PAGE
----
Photographs by astronauts on board the International Space Station and satellite imagery often contain bright patches of light that can make certain bodies of water gleam with unusual color.
According to NASA, “That gleam is caused by sunglint, an optical phenomenon that occurs when sunlight reflects off the surface of water at the same angle that a satellite sensor views it. The result is a mirror-like specular reflection of sunlight off the water and back at the satellite sensor or astronaut.
“If bodies of water were perfectly smooth, a sequence of nearly perfect reflections of the Sun would appear in a line along the track of the satellite’s orbit. In reality, water surfaces are irregular and often in motion due to waves and currents, so the sunlight gets scattered in many directions and leaves blurry streaks of light in the swaths of satellite data.”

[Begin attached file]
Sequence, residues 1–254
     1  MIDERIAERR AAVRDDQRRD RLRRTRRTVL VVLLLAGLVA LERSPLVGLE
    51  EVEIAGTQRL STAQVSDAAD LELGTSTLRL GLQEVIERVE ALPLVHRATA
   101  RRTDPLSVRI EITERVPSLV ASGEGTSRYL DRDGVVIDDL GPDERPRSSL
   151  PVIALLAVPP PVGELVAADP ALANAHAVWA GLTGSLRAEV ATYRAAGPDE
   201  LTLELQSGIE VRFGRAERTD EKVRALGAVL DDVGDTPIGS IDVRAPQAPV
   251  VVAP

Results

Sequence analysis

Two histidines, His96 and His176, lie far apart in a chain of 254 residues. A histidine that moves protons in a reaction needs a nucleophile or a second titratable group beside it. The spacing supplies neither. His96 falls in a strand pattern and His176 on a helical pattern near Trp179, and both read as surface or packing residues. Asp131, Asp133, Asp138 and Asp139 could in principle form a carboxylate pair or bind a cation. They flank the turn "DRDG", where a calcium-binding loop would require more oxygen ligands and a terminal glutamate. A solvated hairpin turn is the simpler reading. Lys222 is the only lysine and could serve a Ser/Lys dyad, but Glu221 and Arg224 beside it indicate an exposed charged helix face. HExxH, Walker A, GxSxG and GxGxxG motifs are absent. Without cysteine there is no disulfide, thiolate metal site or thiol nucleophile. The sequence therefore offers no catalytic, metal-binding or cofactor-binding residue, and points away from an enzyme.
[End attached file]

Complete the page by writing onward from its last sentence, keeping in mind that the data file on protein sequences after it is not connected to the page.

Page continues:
In the beautiful image above, you can see that sunlight is reflected off of the Atlantic along the coast of South America. This image was taken by ESA astronaut Samantha Cristoforetti and is credited to ESA and NASA.